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Google Testing an Airborne Camera Drone 182

mbone writes "The Blogoscoped site carries news that Google has purchased a German 'Microdrone' for evaluation (here is the original German version). These devices can take off, fly a mission, and land automatically using GPS. They can carry night-vision cameras or even 'see-through-walls' Far IR cameras. Of course, the maker of these drones assures us that they cannot be a 'Big Brother in the sky' because that is 'verboten.' Is it just me, or is Google entering dangerous airspace here? It seems like the ruckus from a backyard-after-dark addition to Street View could completely overshadow the legal tussles Google has already encountered with its street-level photography." Reader Jaymi clues us to another airborne effort a couple of Google employees are mounting with some help from NASA Ames: the NexusOne PhoneSat project — to determine if low-cost mobile phone components can withstand space travel.
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Google Testing an Airborne Camera Drone

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  • Can != will (Score:5, Informative)

    by Anonymous Coward on Sunday August 08, 2010 @05:31PM (#33183276)
    Yes, the drones can carry long wavelength cameras to see through walls. They could also carry nuclear weapons. Irrational paranoia aside, Google is probably just trying to compete with Bing's Birds-Eye map capabilities.
  • by garcia ( 6573 ) on Sunday August 08, 2010 @05:45PM (#33183366)

    I don't see how these would be any different than their existing aerial photography. All of the high resolution stuff they have is from planes with cameras at a few thousand feet.

    Their's, not their competitions' who use aerial photographs from about 100m to do "Bird's Eye View". It's much better than Google's and I find myself using Bing's maps more and more. Perhaps this is so that they can do the same sort of thing w/o having to outfit a Cessna.

  • by Bigjeff5 ( 1143585 ) on Sunday August 08, 2010 @05:48PM (#33183388)

    In fact, there are several. Aside from an RC plane of some sort, all you need is about $100 in parts and some electronics know-how to build your own (basic) UAV.

    Of course, it won't be as sophisticated as a multi-million dollar micro-UAV or one of the Air Force's Predator drones, but medium range (several miles) surveillance, automated take-offs and landings, GPS waypoint tracking, infrared cameras, etc. are not outside the realm of the hobbyist.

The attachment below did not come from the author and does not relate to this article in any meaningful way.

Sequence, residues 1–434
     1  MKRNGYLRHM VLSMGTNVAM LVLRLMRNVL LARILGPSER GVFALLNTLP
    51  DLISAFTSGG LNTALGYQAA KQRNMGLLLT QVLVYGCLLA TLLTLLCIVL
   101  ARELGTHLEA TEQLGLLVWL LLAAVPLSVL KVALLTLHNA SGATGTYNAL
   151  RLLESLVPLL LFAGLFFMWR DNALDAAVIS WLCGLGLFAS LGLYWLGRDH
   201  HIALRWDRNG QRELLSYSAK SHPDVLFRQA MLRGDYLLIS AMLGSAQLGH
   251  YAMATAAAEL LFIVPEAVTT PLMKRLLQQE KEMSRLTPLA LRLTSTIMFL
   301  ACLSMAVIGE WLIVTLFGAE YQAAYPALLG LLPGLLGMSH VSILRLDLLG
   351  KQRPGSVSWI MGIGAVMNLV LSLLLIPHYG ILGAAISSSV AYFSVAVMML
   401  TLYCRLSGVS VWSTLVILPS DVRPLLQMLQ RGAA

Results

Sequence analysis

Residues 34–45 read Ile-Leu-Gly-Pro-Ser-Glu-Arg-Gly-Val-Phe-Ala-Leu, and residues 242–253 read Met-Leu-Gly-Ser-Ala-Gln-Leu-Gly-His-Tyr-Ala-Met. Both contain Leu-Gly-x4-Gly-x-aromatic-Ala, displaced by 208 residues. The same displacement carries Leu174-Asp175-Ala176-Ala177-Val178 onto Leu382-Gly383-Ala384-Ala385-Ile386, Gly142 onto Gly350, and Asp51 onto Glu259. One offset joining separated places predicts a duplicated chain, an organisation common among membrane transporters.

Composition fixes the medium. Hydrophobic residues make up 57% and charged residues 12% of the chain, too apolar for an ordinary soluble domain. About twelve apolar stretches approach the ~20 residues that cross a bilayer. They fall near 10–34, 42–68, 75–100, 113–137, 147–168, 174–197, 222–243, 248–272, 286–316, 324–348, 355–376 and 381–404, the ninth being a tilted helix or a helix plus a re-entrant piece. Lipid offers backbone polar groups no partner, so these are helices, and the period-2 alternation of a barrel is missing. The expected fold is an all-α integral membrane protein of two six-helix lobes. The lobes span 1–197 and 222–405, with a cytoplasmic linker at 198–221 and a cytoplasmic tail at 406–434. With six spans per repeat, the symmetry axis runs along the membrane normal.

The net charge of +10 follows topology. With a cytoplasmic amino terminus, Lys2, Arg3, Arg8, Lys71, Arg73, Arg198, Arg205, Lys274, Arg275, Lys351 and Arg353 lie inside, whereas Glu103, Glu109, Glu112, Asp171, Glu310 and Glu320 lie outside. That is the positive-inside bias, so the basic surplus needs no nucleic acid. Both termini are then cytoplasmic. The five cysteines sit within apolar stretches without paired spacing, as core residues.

Check out http://www.diydrones.com/ [diydrones.com] to see what I mean.

  • by hkz ( 1266066 ) on Sunday August 08, 2010 @06:02PM (#33183474)

    In fact, some Dutch OpenStreetMap people are working on their own UAV, also with mapping in mind:

    http://blog.opengeo.nl/ [opengeo.nl]

  • by paul248 ( 536459 ) on Sunday August 08, 2010 @06:03PM (#33183484) Homepage

    Google already has a 45-degree bird's eye view in some areas. Switch to satellite view and zoom into their Mountain View headquarters, for example.

  • by deapbluesea ( 1842210 ) on Sunday August 08, 2010 @06:26PM (#33183658)

    Aside from an RC plane of some sort, all you need is about $100 in parts and some electronics know-how to build your own (basic) UAV.

    While the FAA has recognized that most of these toy UAVs still qualify as RC aircraft (as long as they stay below 400 and fly within line of sight), it is illegal in the United States for a corporation or government entity to purchase or build a UAV for commercial or public use without completing an airworthiness certificate and obtaining a Certificate of Authorization from the FAA [faa.gov].

    Per the FAA:

    Currently, civilian companies may not operate a UAS as part of a business without obtaining a Special Airworthiness Certificate - Experimental Category (SAC-EC). However, this SAC-EC is very limited in scope of operational use. Contact FAA for details or see FAA Order 8130.34.

    So don't expect Google to be flying this over populated areas for quite a long time. Current estimates are about 2030 or later before UAVs are fully integrated in the national airspace, and they very likely will seldom be allowed over densely populated areas without some major public good justification

  • Re:Pull! (Score:4, Informative)

    by FeepingCreature ( 1132265 ) on Sunday August 08, 2010 @06:32PM (#33183710)
    It's called Poe's Law. Look it up.

Adding features does not necessarily increase functionality -- it just makes the manuals thicker.